quite tolerant of corruption.
statement unfortunately reflects the acceptance of crime and all of its nasty
and harsh effects in Russia. Thomas Hobbes points out that life can be
‘nasty, brutish and short’ in the state of nature, and it would appear that
crime and corruption in Russia
is reducing the nation close to the state of nature.
Though the situation is grim, the Russians
are attempting to solve the problem, but it may be too out of control for huge
effects to be seen immediately. It will take gradual change and a fundamental
attitude shift of the powerful and influential.
Currently, three bodies are established to deal with criminal activity,
and their lack of co-ordination has negative effects for the state. The Ministry of Internal Affairs, the Federal
Counter-Intelligence Service, and the Ministry of Defence all play roles in
crime prevention. Unfortunately the FCIS
is the former KGB, and they have a long tradition of hatred and competition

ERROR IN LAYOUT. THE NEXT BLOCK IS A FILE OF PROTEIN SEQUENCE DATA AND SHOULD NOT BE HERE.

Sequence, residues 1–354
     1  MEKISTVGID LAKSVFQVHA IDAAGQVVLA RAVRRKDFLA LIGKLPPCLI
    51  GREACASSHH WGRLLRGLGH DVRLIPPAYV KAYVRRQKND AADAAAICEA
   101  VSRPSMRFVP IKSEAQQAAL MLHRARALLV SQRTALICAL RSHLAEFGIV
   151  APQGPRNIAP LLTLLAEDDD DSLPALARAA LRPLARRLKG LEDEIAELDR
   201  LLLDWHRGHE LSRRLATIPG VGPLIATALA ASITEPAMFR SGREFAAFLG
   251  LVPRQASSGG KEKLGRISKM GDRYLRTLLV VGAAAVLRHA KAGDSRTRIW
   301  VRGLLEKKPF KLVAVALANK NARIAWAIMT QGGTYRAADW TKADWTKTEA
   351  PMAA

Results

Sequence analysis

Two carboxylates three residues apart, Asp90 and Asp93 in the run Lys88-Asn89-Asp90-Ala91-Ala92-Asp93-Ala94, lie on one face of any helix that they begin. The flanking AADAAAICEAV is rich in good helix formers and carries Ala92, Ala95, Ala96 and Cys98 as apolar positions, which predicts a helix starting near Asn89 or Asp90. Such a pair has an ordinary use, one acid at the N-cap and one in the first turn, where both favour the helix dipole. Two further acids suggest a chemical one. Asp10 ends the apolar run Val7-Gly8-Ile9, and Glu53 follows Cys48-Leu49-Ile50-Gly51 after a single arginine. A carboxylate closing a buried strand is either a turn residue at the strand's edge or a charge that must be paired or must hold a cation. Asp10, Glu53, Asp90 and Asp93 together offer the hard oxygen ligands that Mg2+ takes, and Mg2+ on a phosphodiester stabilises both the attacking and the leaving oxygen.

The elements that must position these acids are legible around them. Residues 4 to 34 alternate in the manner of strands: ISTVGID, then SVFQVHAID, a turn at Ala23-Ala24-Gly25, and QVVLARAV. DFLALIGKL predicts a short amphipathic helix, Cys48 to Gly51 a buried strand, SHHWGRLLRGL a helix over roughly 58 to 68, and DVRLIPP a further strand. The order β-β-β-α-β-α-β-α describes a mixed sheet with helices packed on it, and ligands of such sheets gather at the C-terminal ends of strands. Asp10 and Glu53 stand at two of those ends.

with the Ministry of Internal Affairs.
These agencies are under funded, staffed, and equipped to deal with the
large and powerful problem of the spread of crime. Legislation is somewhat ambiguous and
corruption allows criminals to walk free.
These frustrations open the door to disillusionment and create
opportunities for criminals to bribe the poorly paid officers. One example of
the wage disparity can be seen in the elite KGB “Vympel” unit. When it was moved to the Ministry of the
Interior, wages for commanders was $250 a month, measured against the $1500 a
month they were offered by the private sector. This is the type of situation that
enforcement officials are forced to face, and it is not surprising that they
lack initiative in their work.
Crime always has been and always will be a